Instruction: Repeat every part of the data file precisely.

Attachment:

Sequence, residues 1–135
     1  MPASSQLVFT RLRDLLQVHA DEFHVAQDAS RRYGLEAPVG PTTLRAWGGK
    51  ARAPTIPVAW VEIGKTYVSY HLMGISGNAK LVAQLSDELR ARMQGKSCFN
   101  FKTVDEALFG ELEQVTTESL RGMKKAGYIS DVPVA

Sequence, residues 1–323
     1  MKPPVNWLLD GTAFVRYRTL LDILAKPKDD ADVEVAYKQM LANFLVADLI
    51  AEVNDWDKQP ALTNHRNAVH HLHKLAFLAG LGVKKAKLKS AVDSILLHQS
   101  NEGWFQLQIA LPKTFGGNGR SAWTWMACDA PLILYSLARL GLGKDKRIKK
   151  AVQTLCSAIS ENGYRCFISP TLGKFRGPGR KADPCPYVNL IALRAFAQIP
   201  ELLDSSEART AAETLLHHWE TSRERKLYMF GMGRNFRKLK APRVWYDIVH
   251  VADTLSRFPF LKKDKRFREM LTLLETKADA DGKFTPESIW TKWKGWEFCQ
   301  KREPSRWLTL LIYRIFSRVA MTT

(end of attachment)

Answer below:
Sequence, residues 1–135
     1  MPASSQLVFT RLRDLLQVHA DEFHVAQDAS RRYGLEAPVG PTTLRAWGGK
    51  ARAPTIPVAW VEIGKTYVSY HLMGISGNAK LVAQLSDELR ARMQGKSCFN
   101  FKTVDEALFG ELEQVTTESL RGMKKAGYIS DVPVA

Sequence, residues 1–323
     1  MKPPVNWLLD GTAFVRYRTL LDILAKPKDD ADVEVAYKQM LANFLVADLI
    51  AEVNDWDKQP ALTNHRNAVH HLHKLAFLAG LGVKKAKLKS AVDSILLHQS
   101  NEGWFQLQIA LPKTFGGNGR SAWTWMACDA PLILYSLARL GLGKDKRIKK
   151  AVQTLCSAIS ENGYRCFISP TLGKFRGPGR KADPCPYVNL IALRAFAQIP
   201  ELLDSSEART AAETLLHHWE TSRERKLYMF GMGRNFRKLK APRVWYDIVH
   251  VADTLSRFPF LKKDKRFREM LTLLETKADA DGKFTPESIW TKWKGWEFCQ
   301  KREPSRWLTL LIYRIFSRVA MTT